A Ball Turret Gunner not a job I would want!

Lord  Banks By Lord Banks, 25th Jun 2010 | Follow this author | RSS Feed | Short URL http://nut.bz/26l-krb6/
Posted in Wikinut>Writing>Columns & Opinions

The Ball Turret Gunner hung below the bottom of American bombers in WWII he had the most dangerous job of the entire crew of 10, I explain the job!

Ball Turret

The Ball Turret Gunner not a job you would want!

In WW2 (World War 2) huge bomber aircraft were state of the art killing machines. Some of the most famous are the Avro Lancaster, a four engined long range bomber designed and built in Britain, Canada and Australia. The North American Consolidated Liberator, a four engined bomber which was built in huge numbers in the U.S.A. Not forgetting the famous Boeing B17 Flying Fortress, a very successful four engined high flying bomber.

In between WW1 and WW2 war strategists came up with the theory that a heavily armed high flying bomber aircraft could penetrate your enemies homeland and destroy their cities, which would in turn force your enemy to surrender. Hind-sight has proved this theory wrong but hind-sight is not something we posses at the time we need it!

Prior to WW2 Germany and Great Britain along with America were designing four engined long range bombers. Adolf Hitler was not a fan of large four engined aircraft and dropped out of the arms race, Germany concentrated its efforts on designing dive bombers and two engined medium bombers.

Britain eventually designed and built the Avro Lancaster a beautiful looking aircraft with a very long range. The Lancaster also carried the heaviest bomb load of WW2. The theory of a bomber fighting its way to a target and back, needed armament to defend the aircraft. The Lancaster had a front turret which had two Browning .303machine guns. It had a dorsal turret (Which is on top of the aircraft) this turret also had two .303 machine guns. Finally at the rear of the aircraft there was a turret with four .303 machine guns.

The theorists felt this armament was adequate to protect the Lancaster. In combat the machine guns of the Lancaster were totally out classed by the cannon fire from German fighter aircraft such as the ME 110 and ME 109s. Hundreds of aircraft were shot down and thousands of airmen lost there lives.

The best way to attack the huge Lancaster was to fly beneath the wings and fire cannon shells into the fuel tanks and unprotected belly of the Lancaster. The aircraft would catch fire easily and explode or crash to the ground in a fireball.

The American Liberator or B24 fore saw this problem and installed a ball turret which could return fire to any aircraft attacking from below. This turret hung below the aircraft and could be retracted for landings and take off, or if the gunner was hurt.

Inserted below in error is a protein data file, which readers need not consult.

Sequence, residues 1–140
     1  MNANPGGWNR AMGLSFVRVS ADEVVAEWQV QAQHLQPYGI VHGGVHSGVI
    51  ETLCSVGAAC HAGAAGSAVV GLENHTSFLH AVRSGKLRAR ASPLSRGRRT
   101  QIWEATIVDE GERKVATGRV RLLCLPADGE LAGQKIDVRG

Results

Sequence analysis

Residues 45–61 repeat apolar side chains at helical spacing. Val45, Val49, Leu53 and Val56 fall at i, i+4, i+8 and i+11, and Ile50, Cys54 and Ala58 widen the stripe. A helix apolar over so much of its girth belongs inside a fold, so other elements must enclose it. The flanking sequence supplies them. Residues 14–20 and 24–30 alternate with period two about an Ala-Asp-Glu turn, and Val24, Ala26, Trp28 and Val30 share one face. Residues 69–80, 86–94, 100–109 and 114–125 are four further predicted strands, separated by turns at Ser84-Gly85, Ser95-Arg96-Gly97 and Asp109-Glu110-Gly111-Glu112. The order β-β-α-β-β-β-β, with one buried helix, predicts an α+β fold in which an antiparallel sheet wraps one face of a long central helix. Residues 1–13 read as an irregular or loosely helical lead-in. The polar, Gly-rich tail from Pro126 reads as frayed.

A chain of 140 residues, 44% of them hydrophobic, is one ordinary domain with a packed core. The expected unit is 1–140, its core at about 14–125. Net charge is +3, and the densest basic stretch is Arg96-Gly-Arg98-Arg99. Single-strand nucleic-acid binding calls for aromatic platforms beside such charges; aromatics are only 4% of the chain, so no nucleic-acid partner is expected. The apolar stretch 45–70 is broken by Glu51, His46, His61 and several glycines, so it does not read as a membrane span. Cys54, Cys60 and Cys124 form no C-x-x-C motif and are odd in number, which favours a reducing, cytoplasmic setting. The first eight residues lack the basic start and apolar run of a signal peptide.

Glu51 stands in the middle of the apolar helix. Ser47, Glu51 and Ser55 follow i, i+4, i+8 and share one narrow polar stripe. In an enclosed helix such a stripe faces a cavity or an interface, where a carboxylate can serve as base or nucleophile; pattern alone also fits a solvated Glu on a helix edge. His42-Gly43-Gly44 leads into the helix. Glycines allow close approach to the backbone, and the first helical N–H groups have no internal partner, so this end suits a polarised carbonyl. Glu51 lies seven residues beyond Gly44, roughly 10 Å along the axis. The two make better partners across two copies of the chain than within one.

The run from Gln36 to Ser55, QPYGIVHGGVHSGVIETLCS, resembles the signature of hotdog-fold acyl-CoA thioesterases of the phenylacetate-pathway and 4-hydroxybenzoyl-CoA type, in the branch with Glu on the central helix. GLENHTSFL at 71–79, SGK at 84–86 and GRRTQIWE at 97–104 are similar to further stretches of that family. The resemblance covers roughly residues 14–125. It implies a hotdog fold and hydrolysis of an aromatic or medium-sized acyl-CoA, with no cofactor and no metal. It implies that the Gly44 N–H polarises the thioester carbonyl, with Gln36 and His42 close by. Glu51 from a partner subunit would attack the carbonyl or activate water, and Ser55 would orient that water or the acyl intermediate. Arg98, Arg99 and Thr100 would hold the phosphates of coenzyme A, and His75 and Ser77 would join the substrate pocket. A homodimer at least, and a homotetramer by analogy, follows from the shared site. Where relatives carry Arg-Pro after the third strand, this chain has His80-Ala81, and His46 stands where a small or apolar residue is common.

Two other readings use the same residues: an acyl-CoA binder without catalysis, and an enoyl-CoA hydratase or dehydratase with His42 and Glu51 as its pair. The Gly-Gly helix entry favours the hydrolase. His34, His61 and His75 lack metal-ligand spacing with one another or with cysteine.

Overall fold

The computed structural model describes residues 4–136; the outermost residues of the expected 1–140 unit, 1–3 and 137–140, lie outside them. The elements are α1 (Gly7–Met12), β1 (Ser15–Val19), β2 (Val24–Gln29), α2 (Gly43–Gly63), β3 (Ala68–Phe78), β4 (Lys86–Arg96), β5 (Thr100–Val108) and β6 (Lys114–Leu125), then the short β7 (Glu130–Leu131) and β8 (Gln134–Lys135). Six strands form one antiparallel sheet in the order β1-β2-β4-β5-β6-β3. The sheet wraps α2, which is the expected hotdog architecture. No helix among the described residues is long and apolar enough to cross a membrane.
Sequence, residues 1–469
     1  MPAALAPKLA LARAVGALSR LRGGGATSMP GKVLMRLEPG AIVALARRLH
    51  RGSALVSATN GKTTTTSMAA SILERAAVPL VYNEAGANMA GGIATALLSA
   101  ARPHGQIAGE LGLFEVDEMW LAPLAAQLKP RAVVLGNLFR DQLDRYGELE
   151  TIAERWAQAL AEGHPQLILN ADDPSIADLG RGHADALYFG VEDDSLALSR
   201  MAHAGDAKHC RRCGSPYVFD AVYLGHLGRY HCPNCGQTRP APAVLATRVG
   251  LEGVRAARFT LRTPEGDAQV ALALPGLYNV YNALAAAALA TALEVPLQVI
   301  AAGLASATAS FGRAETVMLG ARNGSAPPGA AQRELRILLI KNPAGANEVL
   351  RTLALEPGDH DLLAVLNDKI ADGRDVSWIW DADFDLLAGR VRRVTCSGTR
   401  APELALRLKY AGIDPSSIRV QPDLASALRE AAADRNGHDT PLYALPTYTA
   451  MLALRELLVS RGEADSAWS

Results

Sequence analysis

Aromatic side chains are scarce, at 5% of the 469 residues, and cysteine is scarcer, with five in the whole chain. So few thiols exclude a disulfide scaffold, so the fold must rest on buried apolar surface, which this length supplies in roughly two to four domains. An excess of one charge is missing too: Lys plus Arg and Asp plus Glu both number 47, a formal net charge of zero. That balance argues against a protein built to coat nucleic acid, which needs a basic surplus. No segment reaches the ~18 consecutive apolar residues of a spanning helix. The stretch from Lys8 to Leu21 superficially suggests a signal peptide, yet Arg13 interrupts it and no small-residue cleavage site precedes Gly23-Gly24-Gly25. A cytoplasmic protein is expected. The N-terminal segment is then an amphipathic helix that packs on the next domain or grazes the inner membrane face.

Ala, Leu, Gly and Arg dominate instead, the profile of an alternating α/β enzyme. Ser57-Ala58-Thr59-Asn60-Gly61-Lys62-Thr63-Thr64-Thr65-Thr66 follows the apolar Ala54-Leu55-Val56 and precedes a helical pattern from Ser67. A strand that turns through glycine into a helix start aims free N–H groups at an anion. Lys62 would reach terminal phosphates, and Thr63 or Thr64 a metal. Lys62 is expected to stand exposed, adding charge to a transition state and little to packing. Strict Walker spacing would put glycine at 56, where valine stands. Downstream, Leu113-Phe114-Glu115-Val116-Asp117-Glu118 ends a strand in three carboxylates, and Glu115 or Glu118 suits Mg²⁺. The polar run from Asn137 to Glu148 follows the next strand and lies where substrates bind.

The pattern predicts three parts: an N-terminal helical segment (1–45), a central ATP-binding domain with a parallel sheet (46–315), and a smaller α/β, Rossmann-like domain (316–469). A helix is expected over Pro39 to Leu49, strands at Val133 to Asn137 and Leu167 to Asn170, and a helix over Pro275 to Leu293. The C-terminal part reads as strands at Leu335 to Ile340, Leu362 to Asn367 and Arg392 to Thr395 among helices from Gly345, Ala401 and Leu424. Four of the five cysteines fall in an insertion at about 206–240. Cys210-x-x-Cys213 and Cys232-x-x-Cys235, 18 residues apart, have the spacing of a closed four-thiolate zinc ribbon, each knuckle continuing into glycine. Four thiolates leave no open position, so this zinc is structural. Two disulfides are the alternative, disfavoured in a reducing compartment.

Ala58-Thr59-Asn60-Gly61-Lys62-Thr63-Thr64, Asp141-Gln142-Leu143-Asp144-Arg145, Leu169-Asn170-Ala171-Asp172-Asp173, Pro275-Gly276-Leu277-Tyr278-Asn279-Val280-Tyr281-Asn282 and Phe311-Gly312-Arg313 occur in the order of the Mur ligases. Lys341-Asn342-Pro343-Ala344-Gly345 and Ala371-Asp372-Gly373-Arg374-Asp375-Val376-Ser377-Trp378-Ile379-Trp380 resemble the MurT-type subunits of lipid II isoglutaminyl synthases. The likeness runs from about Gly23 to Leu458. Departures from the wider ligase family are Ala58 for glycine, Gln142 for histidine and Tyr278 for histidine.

The focus of this article is the Boeing B17 Flying Fortress. The Fortress was the most heavily defended of all the heavy bombers. The B17 had a power operated chin turret with two .50 machine guns. A dorsal turret had also two 0.50 machine guns. The tail gunner had the same armament. There were two waste gunners equipped with 0.50 machine guns.

To get around the problem of attacks from enemy aircraft from below Boeing fitted a ball turret. The B17 was a sleek airframe and quite compact inside, this meant that the ball turret didn’t have room to be retracted! All the American gunners went through the same training as each other. Their fighting positions on the B17 were allocated when they were in the combat area.

The ball turret was a tiny space anyone over 5’4” would not physically fit into the bubble shaped turret. The turret machine guns stuck into the cramped bubble and the knees of the unfortunate gunner had to brought up almost touching the gunners chest! This tortuous position had to maintained perhaps for five hours or more of flight!

The life expectancy of a B17 ball turret gunner was less than that of the other aircrew for several reasons. Enemy fighters would still prefer to attack the American bomber from below in an attempt to hit the wing fuel tanks or hit the bombs in the bomb bay. This form of attack often resulted in the ball gunner being shot to pieces by cannon shell from a German fighter.

The “Sperry” ball turret was operated electrically and by hydraulic pressure. The turret was extremely susceptible to the loss of either of the operating systems. If a engine was hit and had to shut down sometimes this meant the turret could not be moved through lack of electrical supply. Therefore the gunner could not escape from his turret.